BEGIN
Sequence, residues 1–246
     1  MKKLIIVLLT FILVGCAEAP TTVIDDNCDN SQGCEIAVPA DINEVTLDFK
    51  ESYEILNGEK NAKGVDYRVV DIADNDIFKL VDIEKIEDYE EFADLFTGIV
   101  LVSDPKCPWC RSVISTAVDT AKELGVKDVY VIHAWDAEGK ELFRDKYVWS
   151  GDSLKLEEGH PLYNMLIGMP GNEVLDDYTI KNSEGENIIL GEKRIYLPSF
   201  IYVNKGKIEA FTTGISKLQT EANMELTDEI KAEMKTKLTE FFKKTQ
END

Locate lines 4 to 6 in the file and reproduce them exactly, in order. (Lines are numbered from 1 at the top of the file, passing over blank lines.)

   101  LVSDPKCPWC RSVISTAVDT AKELGVKDVY VIHAWDAEGK ELFRDKYVWS
   151  GDSLKLEEGH PLYNMLIGMP GNEVLDDYTI KNSEGENIIL GEKRIYLPSF
   201  IYVNKGKIEA FTTGISKLQT EANMELTDEI KAEMKTKLTE FFKKTQ